World's Tallest Indian
Skowhegan's big brave is easily the World's Tallest Indian, though he is too skinny to be the World's Largest Indian (height x radius squared x pi).
He is 62 feet tall atop a 20-foot-tall base. He appears to be carved out of raw pine trees, with legs like telephone poles. The World's Tallest Indian was erected in 1969 in observance of Maine's 150th anniversary, created by Bernard Langlais (1921-1977), a sculptor from Old Town who attended the local art school.
The statue is dedicated to Maine's Abnaki Indians, who are known to have helped the Pilgrims make it through a couple of bad winters. In their heyday, the Abnaki dressed even more comfortably than the statue's crate-like attire suggests. No tomahawk-waving Mohawk with a mohawk here -- this Abnaki gentlemen is content to clutch a fish trap resembling too-skinny scaffolding.
The engraved wooden sign at the statue's base reads: "Dedicated to the Maine Indians, the first people to use these lands in peaceful ways." On the back of the base is the message: "Copyright 1969, Skowhegan Hospitality Association."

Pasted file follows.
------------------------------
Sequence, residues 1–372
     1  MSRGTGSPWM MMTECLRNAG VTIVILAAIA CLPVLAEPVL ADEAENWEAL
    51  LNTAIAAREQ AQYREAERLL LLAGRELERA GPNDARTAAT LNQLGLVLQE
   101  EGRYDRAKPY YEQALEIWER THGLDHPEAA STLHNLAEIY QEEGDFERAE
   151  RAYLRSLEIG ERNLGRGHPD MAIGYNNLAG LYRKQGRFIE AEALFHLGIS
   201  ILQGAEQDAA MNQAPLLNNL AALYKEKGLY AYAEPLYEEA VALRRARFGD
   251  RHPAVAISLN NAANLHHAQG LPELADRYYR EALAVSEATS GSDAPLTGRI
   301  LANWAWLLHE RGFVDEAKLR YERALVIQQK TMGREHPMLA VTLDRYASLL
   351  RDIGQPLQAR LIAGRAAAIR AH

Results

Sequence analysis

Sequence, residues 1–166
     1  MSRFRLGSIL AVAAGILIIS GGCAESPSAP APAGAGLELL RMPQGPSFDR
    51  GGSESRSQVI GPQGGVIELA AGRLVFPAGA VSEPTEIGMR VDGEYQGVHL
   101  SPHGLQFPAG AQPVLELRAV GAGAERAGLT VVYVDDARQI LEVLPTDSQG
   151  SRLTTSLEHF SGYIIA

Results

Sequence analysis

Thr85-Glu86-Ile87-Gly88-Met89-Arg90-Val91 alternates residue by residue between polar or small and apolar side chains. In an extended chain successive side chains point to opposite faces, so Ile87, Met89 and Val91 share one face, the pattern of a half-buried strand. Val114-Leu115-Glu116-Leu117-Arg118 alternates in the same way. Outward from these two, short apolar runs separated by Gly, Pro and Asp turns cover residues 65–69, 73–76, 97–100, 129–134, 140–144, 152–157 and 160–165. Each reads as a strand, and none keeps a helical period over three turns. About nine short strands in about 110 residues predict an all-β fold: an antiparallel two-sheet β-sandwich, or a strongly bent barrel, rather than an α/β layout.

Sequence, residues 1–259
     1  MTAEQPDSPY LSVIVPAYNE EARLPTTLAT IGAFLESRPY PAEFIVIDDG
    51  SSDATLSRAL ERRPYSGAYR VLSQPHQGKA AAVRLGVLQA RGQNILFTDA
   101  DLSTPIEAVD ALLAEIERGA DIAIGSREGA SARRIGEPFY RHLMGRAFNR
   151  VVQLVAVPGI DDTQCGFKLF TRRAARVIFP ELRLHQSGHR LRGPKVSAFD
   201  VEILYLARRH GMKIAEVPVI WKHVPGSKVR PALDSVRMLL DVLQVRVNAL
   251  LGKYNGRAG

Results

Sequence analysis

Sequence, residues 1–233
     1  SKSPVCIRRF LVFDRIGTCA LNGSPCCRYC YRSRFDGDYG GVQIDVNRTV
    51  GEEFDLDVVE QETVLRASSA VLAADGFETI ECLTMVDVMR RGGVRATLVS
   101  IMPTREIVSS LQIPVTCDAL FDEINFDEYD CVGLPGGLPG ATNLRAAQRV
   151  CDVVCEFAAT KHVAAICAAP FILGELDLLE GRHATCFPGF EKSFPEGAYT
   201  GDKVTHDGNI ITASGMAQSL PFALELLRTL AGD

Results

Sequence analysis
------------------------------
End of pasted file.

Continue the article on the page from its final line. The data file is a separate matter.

A popular 1970s postcard helped to make this out-of-the-way Indian widely known -- although then he stood against a stark and empty blue sky. Today he is crowded by adjacent (and taller) trees, and partly obscured by trash dumpsters in the back parking lot of a Cumberland Farms convenience store.
Update: The elements have battered the Indian; his right arm and fish trap have been removed. By mid-2013 the town had raised enough cash to restore the Indian to his original glory (although contributions can still be made) and plans are in place to clear away the distractions and make the Indian prominent again in 2014.